Live life

The noun life, the verb live and the adjective live often cause confusion for English language learners, especially the plural noun and the 3sg verb lives, and the base verb and the adjective live (in each case, same spelling, different pronunciation). Life can only be a noun, but even then could be uncountable or countable singular. 

Especially when they are reading out loud, students might say something like “Computers and mobile phones are an essential part of our /lɪvz/“. This is partly because of the fact that the plural of life is lives, not lifes – I don’t think any student would mistake “our lifes”. I usually explain it by comparing his life and their lives with they live and he lives.

The earliest adjective was alive (from a + life), and live is a reduction of that. Alive can only be predicative: Two of my grandparents are still alive v *My alive grandparents live in Adelaide. Live can only be attributive or predicative: a live wire and No-one realised that the wire was live. But after any other verb than [be], live becomes an adverb: The concert was broadcast live. Then there’s lively, which, despite being adj + ly, isn’t an adverb, but another adjective: a lively girl and The girl is lively. (It’s actually life + ly, compare friendly.) Of these, only lively has comparative and superlative forms: you can’t be liver or aliver (even though you just might be deader than a doornail), but you can be livelier.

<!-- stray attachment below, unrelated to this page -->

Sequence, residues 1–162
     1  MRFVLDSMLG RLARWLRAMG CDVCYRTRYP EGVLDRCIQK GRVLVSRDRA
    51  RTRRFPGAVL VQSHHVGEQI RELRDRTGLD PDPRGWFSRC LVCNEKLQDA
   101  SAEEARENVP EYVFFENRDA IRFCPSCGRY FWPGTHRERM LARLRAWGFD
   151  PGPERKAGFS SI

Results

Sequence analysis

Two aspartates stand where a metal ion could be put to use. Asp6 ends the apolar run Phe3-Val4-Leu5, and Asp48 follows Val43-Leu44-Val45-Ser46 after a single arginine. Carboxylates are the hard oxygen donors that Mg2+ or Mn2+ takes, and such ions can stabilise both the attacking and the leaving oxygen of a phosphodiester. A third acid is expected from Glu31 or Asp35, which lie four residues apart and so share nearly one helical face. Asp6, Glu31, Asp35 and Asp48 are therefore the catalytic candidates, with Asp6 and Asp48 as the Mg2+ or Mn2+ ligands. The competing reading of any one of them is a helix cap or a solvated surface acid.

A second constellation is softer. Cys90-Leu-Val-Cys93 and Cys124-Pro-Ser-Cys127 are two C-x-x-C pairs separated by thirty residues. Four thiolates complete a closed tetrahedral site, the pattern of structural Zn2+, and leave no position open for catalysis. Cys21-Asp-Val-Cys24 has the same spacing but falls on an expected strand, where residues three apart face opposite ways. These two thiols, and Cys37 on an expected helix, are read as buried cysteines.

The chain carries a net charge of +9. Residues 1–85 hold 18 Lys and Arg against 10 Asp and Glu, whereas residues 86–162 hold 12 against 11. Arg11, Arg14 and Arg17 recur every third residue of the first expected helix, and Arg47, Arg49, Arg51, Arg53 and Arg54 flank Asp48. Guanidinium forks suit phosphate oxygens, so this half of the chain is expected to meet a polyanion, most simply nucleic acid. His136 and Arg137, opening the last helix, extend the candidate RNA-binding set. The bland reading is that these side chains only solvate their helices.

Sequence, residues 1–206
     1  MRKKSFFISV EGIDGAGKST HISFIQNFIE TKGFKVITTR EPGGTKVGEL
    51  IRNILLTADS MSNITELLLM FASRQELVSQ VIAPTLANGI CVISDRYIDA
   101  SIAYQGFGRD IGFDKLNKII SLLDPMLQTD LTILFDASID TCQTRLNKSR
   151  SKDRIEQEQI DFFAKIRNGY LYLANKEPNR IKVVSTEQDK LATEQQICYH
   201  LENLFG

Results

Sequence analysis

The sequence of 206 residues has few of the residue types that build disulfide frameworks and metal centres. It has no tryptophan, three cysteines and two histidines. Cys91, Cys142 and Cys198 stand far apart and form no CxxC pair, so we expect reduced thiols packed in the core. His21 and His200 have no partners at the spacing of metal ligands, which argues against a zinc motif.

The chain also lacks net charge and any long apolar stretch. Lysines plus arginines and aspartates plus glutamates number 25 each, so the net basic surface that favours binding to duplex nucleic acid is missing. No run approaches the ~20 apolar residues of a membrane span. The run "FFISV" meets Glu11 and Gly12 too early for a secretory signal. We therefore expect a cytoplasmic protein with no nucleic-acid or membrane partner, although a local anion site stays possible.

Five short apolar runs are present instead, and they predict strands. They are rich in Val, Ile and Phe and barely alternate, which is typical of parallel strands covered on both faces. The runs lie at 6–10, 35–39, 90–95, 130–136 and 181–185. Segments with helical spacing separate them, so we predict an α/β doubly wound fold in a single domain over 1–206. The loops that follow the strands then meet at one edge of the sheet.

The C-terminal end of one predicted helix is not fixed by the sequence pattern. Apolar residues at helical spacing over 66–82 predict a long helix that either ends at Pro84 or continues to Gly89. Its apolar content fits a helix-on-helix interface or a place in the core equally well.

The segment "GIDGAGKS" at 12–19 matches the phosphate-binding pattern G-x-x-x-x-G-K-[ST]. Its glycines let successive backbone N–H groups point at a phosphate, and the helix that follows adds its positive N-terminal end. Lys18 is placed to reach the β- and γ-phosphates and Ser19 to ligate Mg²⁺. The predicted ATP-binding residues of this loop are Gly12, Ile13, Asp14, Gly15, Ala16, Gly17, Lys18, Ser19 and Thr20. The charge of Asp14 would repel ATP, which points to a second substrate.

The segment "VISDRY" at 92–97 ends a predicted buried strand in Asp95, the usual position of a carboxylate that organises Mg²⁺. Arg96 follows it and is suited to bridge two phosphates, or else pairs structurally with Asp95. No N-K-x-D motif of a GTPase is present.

In addition to these, there is also liver (one who lives, not the body organ), enliven and liven, then an open-ended list including liveliness, livelihood, livewire and liveable. Other words starting with live are unrelated, including the body organ liver (perhaps from Greek liparós fat (noun)), livery (from Old French livree, an allowance of food, clothing etc to a servant) and Liverpool (a pool of thick or muddy water, which is possibly related to the body organ liver because the ultimate PIE root of liver/liparós is *leip- “to stick, adhere”) .

Advertisement

Leave a Reply

Fill in your details below or click an icon to log in:

WordPress.com Logo

You are commenting using your WordPress.com account. Log Out /  Change )

Twitter picture

You are commenting using your Twitter account. Log Out /  Change )

Facebook photo

You are commenting using your Facebook account. Log Out /  Change )

Connecting to %s